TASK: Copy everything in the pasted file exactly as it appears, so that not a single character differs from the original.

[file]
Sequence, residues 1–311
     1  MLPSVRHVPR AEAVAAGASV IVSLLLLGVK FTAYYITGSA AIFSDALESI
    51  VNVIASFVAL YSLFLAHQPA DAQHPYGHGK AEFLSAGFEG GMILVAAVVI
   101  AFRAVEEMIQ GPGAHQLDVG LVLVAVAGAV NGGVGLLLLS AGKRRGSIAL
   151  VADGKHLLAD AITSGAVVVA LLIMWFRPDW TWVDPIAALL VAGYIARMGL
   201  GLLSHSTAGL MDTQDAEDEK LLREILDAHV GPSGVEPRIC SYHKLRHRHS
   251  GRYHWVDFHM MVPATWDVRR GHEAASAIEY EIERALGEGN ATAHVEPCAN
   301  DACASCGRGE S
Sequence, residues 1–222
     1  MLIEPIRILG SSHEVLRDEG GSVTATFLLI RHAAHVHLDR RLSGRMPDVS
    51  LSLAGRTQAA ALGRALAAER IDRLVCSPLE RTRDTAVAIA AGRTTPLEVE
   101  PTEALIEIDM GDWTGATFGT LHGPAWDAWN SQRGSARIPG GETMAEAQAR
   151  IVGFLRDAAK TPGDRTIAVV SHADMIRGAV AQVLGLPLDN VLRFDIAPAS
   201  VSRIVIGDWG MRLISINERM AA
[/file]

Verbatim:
Sequence, residues 1–311
     1  MLPSVRHVPR AEAVAAGASV IVSLLLLGVK FTAYYITGSA AIFSDALESI
    51  VNVIASFVAL YSLFLAHQPA DAQHPYGHGK AEFLSAGFEG GMILVAAVVI
   101  AFRAVEEMIQ GPGAHQLDVG LVLVAVAGAV NGGVGLLLLS AGKRRGSIAL
   151  VADGKHLLAD AITSGAVVVA LLIMWFRPDW TWVDPIAALL VAGYIARMGL
   201  GLLSHSTAGL MDTQDAEDEK LLREILDAHV GPSGVEPRIC SYHKLRHRHS
   251  GRYHWVDFHM MVPATWDVRR GHEAASAIEY EIERALGEGN ATAHVEPCAN
   301  DACASCGRGE S
Sequence, residues 1–222
     1  MLIEPIRILG SSHEVLRDEG GSVTATFLLI RHAAHVHLDR RLSGRMPDVS
    51  LSLAGRTQAA ALGRALAAER IDRLVCSPLE RTRDTAVAIA AGRTTPLEVE
   101  PTEALIEIDM GDWTGATFGT LHGPAWDAWN SQRGSARIPG GETMAEAQAR
   151  IVGFLRDAAK TPGDRTIAVV SHADMIRGAV AQVLGLPLDN VLRFDIAPAS
   201  VSRIVIGDWG MRLISINERM AA